The psychological factors underlying weight management difficulties are complex and unique to each individual. Some may have developed in early childhood, becoming deeply ingrained in the way we think about ourselves. Identifying and managing these factors and how they influence our life is not easy. Research suggests that weight management counselling can help us to develop techniques and strategies to understand and change our mindset (Avery, et al 2016; Madigan et al, 2014).

Weight management psychology can help us to identify and explore our own unique mindset and to understand how it impacts on our efforts to manage our weight. Counsellors can guide us to understand this, teaching us techniques and strategies that will help counteract negative thoughts and replace less healthy habits with healthier ones.

Strategies that might be used to promote a positive mindset include goal setting, self-monitoring, providing feedback and reinforcement, and helping to increase personal motivation and self-belief. A more positive mindset will help us achieve our life goals

At the same time, it should be noted that weight loss counselling is not a replacement for diet and exercise plans. It aims to link the three elements – diet, exercise and mindset – that interact for effective weight management. Weight loss counselling highlights what, for most of us, is the missing piece in our weight management plans – a positive mindset.


This article discussed difficulties associated with successful weight management and body image. It noted that while we may be well-informed about diet and exercise regimes, many of us are unsuccessful in our efforts because we do not consider the impact of psychological factors – specifically our mindset – on our weight management efforts. It was noted that weight loss counselling can help us to make the connection between diets, exercise and mindset thereby easing our path on the weight loss journey. A positive mindset can make the difference between short-term and long-term success.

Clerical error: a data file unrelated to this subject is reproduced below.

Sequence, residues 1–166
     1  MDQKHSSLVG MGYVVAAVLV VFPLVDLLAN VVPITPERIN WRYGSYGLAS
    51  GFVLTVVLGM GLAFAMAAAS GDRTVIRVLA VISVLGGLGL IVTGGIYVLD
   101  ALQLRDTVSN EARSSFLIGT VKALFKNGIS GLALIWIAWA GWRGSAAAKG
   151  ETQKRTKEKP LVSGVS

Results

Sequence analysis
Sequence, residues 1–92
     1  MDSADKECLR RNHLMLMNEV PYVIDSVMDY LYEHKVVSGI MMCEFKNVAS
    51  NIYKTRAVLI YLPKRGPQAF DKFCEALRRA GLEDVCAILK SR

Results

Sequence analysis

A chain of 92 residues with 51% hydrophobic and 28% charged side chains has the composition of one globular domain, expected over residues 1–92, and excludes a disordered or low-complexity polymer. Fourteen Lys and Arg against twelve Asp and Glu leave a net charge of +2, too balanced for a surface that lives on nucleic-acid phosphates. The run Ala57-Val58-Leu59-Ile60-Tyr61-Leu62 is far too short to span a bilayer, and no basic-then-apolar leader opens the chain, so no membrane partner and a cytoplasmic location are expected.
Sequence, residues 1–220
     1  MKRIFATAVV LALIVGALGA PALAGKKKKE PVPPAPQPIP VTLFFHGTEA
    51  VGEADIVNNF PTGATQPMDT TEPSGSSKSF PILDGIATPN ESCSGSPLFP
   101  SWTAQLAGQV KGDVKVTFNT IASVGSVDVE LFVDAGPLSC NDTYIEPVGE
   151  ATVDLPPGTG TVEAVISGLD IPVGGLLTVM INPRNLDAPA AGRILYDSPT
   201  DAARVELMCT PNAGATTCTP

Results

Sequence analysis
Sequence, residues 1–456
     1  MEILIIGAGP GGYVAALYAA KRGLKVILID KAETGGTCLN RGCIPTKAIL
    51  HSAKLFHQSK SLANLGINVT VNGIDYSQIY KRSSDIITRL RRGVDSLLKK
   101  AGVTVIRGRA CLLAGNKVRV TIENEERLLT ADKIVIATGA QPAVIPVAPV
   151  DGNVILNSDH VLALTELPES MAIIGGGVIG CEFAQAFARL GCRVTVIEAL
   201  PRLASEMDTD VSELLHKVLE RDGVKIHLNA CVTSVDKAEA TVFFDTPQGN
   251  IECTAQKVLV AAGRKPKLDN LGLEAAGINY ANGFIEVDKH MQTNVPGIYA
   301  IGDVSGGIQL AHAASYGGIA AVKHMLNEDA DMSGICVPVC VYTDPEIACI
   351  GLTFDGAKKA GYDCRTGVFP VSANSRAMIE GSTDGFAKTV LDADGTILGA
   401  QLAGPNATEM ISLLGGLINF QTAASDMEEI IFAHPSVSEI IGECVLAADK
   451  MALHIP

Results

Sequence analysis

Trying to lose weight can be a frustrating and overwhelming process, but you do not have to do it alone. Weight loss counsellors are ready to help.


Avery A, Langley-Evans SC, Harrington M, Swift JA. “Setting targets leads to greater long-term weight losses and ‘unrealistic’ targets increase the effect in a large community-based commercial weight management group”. J Hum Nutr Diet. 2016 Dec;29(6):687-696. doi: 10.1111/jhn.12390. Epub 2016 Jun 14. PMID: 27302147; PMCID: PMC5111772.

Melbourne Image and Weight Loss Counselling (2022), Counselling in Melbourne https://www.counsellinginmelbourne.com.au/services/body-image-weight-loss-counselling/

Madigan, C., Daley, A., Lewis, A., Jolly, K., and Aveyard, P.,  (2014) Which weight-loss programmes are as effective as Weight Watchers®? British Journal of General Practice 2014; 64 (620): e128-e136. DOI: https://doi.org/10.3399/bjgp14X677491

Perreault, Leigh (2022) Patient education: Losing weight (Beyond the Basics) UpToDate


Virtanen,J., Penttinen, M., Kautiainen, H. & Korhonen, P (2021) The impact of lifestyle counselling on weight management and quality of life among working-age females, Scandinavian Journal of Primary Health Care, 39:3, 382-388, DOI: 10.1080/02813432.2021.1958510


About the editor, Harshani Algiriya

I'm a Senior Counsellor with over 15-years of experience as a counsellor supporting clients from diverse cultural backgrounds. I treat Anxiety, Depression, Trauma, PTSD, Grief, Trauma and Parenting issues, with Relationships (marriage and individuals) being a special interest that I have a lot of passion working with. I use a range of treatment modalities based on the presenting issues and often uses them in combination to achieve the best result for my clients. Find out more about Harshani here.